New research, the findings of which now appear in the journal Cell, has found a mechanism that allows aggressive forms of skin cancer to become invasive and spread quickly.


The study, which nonprofit organization Cancer Research UK funded, was conducted by a team from King’s College London and Queen Mary University of London (QMUL), both in the U.K.

In their experiment, they analyzed the makeup of skin cancer, or melanoma, cells, looking for the factors that work to their advantage.

They found that such cancer cells release certain molecules that interact with the immune system, sending out signals that favor the growth and spread of tumors.

In the future, the researchers hope that their new discovery will allow scientists to come up with better strategies for targeting aggressive melanoma and preventing a relapse.

A complex signaling mechanism

The research team looked both at melanoma tumor samples collected from human patients as well as mouse models of this form of cancer.

The investigation revealed that skin cancer’s aggressiveness is largely due to the presence of the protein myosin II in large quantities within cancer cells.

Myosin II contributes to cell motility, meaning that it helps cells move around; thus, high levels of this protein allow cancer cells to become more mobile and spread around the body quicker.

However, the researchers also found that myosin II stimulates the secretion of substances that send out signals to the immune system, “telling” it to bypass cancer cells.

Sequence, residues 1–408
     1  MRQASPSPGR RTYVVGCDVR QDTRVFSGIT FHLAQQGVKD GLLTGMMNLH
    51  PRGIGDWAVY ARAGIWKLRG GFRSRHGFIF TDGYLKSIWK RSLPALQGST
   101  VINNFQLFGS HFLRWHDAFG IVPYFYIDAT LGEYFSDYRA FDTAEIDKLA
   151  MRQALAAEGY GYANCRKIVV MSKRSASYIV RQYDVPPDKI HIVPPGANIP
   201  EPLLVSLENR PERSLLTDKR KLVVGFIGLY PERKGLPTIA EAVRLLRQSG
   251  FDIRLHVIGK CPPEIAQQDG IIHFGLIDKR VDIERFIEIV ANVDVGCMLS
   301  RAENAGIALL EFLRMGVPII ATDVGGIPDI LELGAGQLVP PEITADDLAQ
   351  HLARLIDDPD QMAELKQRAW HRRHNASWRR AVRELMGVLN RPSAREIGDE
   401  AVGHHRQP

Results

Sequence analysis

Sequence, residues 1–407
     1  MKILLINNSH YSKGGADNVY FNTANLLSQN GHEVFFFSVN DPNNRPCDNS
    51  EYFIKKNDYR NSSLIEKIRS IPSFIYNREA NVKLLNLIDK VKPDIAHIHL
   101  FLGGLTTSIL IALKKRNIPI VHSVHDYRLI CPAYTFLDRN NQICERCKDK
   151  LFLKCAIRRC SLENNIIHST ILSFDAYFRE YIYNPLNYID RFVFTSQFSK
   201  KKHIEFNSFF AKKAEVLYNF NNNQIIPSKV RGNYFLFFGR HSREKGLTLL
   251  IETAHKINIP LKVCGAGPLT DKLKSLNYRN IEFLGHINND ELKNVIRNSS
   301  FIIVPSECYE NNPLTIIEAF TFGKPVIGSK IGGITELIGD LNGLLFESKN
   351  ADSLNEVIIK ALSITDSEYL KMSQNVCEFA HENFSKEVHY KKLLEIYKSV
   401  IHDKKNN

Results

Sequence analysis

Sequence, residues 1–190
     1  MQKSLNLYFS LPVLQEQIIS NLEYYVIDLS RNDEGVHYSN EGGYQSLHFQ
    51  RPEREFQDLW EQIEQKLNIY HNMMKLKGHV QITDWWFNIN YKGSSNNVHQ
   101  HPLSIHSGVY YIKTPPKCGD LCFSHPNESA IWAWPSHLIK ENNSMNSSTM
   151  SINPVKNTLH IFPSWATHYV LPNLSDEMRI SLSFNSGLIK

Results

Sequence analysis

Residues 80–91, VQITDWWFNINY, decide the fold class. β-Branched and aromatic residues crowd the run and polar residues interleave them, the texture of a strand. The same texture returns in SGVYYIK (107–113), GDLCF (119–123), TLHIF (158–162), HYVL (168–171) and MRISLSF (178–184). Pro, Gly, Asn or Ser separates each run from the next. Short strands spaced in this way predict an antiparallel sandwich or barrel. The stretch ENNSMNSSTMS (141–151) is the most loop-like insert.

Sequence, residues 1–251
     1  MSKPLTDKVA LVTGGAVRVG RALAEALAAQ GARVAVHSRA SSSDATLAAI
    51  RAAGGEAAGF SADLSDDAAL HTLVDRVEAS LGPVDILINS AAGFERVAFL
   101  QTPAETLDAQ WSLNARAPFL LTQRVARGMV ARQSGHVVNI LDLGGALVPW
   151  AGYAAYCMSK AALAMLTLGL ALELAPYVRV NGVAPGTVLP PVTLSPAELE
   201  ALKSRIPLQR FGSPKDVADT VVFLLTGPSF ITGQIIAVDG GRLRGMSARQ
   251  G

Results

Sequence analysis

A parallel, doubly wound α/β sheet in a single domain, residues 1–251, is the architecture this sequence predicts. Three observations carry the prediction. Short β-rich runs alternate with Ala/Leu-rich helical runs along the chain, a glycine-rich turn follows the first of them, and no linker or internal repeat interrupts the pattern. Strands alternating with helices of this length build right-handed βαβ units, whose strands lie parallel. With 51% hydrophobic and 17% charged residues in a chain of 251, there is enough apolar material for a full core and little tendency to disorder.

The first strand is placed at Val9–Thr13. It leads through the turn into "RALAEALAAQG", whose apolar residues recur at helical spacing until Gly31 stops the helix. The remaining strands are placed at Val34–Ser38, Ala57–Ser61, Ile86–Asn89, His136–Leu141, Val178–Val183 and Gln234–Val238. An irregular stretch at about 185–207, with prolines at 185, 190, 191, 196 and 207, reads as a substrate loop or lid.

More specifically, these substances “speak” to macrophages. These are specialized immune cells that normally consume and eliminate foreign bodies, malfunctioning cells, and cellular debris.

When these macrophages receive the signals from the melanoma cells — due to the action of myosin II — this “programs” them to avoid attacking cancer tumors, letting them grow and spread freely.

Symptoms and warning signs

Basal cell and squamous cell carcinoma are two examples of nonmelanoma skin cancer.


The U.S-based Skin Cancer Foundation says that everyone should examine their whole body, from head to toe, once a month, and take note of:

  • any new moles or growths
  • moles or growths that have grown
  • moles or growths that have changed significantly in another way
  • lesions that change, itch, bleed or have not healed

The most common sign of skin cancer is an abnormal pink or brown spot, patch, or mole.

There are different forms of skin cancer, and the most common are:

  • basal cell carcinoma
  • squamous cell carcinoma
  • melanoma

Melanoma is the type most likely to develop in a mole.

Enlarged lymph nodes can also signal skin cancer. Lymph nodes are small, bean-sized collections of immune cells beneath the skin. Many are in the neck, groin, and underarms.

How to spot basal and squamous cell skin cancers

Basal and squamous cell skin cancers are more common and not as dangerous as melanoma. They can develop anywhere, but they are most likely to form on the face, head, or neck.

A basal cell carcinoma may look like:

  • a flat, firm, pale or yellow area of skin, similar to a scar
  • a reddish, raised, sometimes itchy patch of skin
  • small shiny, pearly, pink or red translucent bumps, which can have blue, brown, or black areas.
  • pink growths that have raised edges and a lower center, and abnormal blood vessels may spread from the growth like the spokes of a wheel
  • open sores that may ooze or crust, and either do not heal or heal and return

A squamous cell carcinoma may look like:

  • a rough or scaly red patch that may crust or bleed
  • a raised growth or lump, sometimes with a lower center
  • open sores that may ooze or crust, and either do not heal or heal and return
  • a growth that looks like a wart

Not all skin cancers look alike. The American Cancer Society recommend that a person should contact a doctor if they notice:

  • a mark that does not look like others on the body
  • a sore that does not heal
  • redness or new swelling outside the border of a mole
  • itching, pain, or tenderness in a mole
  • oozing, scaliness, or bleeding in a mole

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